In so doing, Moore created a way for these socially conservative, fiercely independent voters to see themselves in his story.

The association they made is that Roy was under attack from the same status-quo politicians that they’re under attack from every day. This made sense to them on a very personal, emotional level—a level that affects their wallets and their worries. In this way, Roy Moore’s story found deep, personal resonance among an already-devoted base.

For frosting on the cake, this candidate had already shown that he’s willing to lose his job if it means removing the Ten Commandments from the courthouse, and if he’s under attack,  you can better believe they will have his back. For this reason, it’s not a stretch to believe that these negative ads delivered Roy Moore’s victory on a silver platter. The hardworking, devoted people that comprise his voters despise being told what to do by elitists, and last night proved that’s exactly how they viewed this election.

While there’s no way to know what percentage of them turned out last month and again last night, the proof’s in the pudding, so it’s a safe bet that the number is extremely high. While the apathetic majority found better things to do, this unshakable base was going to the polls to vote for their champion, just as they will this fall.

The only question that now remains is, will Roy Moore’s campaign become a template for anti-establishment Republican candidates in the rest of the country or was it unique to Alabama? In other words, can Steve Bannon and the powerful Breitbart engine make Moore’s victory more about giving voice to everyday Americans that despise the establishment than about Robert Bentley and Alabama politics?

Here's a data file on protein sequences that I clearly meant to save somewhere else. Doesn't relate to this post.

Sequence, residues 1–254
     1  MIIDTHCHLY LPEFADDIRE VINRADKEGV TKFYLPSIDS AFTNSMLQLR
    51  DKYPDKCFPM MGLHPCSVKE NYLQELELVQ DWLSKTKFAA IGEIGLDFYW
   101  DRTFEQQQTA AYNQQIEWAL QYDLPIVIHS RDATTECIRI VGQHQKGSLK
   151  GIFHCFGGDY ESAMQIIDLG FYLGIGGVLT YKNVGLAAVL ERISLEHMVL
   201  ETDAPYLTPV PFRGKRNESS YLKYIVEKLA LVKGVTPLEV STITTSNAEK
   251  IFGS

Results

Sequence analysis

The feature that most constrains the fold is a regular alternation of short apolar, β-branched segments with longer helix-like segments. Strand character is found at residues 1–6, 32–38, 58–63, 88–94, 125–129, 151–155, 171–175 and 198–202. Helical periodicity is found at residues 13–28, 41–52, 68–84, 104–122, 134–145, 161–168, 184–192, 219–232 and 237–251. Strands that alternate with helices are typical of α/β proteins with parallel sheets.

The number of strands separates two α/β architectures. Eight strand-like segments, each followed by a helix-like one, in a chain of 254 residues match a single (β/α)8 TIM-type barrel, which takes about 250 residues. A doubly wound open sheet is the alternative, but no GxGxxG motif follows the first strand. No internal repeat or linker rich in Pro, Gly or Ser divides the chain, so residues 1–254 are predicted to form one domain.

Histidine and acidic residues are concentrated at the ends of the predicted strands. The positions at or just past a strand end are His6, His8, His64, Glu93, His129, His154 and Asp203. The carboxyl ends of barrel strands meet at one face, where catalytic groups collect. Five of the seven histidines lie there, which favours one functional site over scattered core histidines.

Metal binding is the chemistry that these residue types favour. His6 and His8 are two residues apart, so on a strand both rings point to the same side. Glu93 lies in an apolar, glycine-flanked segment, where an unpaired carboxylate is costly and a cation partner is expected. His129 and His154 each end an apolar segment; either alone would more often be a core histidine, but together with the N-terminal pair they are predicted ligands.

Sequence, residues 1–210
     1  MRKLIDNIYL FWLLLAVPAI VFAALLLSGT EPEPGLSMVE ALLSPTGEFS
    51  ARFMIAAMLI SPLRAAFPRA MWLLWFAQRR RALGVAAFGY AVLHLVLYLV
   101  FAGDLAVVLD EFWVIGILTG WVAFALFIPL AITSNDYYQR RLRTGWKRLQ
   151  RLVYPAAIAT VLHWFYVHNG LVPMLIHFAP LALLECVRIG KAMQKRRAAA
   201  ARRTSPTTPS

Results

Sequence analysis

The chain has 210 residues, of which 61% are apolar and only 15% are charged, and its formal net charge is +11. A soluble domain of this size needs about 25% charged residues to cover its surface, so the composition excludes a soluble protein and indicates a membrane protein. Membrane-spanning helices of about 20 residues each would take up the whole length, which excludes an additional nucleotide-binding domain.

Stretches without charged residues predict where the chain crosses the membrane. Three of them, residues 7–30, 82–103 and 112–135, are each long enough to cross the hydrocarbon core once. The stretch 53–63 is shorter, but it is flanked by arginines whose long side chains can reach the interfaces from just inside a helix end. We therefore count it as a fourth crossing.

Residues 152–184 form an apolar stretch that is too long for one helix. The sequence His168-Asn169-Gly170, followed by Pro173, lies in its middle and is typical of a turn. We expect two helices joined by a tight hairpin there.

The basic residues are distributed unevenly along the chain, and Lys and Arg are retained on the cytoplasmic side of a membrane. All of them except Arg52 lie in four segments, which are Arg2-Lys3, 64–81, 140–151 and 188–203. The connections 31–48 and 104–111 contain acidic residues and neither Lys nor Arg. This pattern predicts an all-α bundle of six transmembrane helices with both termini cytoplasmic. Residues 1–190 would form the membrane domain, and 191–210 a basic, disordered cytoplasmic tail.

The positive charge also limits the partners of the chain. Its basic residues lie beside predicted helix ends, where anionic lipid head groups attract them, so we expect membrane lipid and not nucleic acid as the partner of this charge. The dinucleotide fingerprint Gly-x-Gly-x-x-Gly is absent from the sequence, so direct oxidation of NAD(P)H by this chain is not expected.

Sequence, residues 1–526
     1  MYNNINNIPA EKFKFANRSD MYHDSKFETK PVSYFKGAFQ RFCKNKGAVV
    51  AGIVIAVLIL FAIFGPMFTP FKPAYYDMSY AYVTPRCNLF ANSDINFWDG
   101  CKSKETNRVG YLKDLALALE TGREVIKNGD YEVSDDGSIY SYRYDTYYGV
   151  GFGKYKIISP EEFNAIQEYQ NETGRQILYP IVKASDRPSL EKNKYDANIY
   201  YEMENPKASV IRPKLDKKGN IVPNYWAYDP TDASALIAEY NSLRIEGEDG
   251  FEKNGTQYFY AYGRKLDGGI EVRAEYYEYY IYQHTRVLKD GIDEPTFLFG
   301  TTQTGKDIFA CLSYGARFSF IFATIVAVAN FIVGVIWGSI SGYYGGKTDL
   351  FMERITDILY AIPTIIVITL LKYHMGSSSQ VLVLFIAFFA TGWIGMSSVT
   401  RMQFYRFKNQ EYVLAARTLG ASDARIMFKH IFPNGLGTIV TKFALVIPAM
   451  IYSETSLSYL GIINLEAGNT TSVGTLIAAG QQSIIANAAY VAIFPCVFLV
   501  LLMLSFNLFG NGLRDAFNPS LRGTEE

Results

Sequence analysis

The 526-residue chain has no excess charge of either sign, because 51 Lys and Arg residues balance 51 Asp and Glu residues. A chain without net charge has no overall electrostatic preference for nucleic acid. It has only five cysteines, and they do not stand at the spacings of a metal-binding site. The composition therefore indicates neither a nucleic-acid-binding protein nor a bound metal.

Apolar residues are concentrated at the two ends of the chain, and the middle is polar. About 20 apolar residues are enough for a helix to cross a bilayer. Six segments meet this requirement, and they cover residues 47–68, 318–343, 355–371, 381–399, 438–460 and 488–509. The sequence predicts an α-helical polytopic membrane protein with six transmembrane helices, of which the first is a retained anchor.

One thing is certain, Bannon and company are just getting started, and as of this morning, Roy Moore now has Donald Trump in his corner too. That’s a locomotive that’s not likely to be stopped, at least in Sweet Home Alabama.

4 years ago


In what’s been a contentious run-off race that that seems to have widened Alabama’s political divide, the voters finally get to decide which Republican will represent them in this fall’s U.S. Senate election—Luther Strange or Roy Moore.

The polls opened at 7:00 am today and will close at 7:00 pm and one of the biggest questions surrounding today is, for all of the bitter rhetoric, will Alabamians actually go vote? In the primary round six weeks ago, roughly eight out of ten Alabama voters sat it out. While turnout for off-year elections is historically low, common sense would suggest that with all of the national attention on this race, more voters will show up for this round, but we won’t know for sure until tonight.

Related: All Eyes on Alabama: A Tale of The Swamp

In the interim, both candidates are making their final push. Luther Strange voted around 7:00 am at The Exceptional Foundation in Homewood and is making stops at a handful of restaurants in the Birmingham area, while Roy Moore is doing his traditional horseback ride to the polls to the Gallant Fire Hall in the next few minutes.

However it turns out, this election will be remembered as one for the ages in Alabama.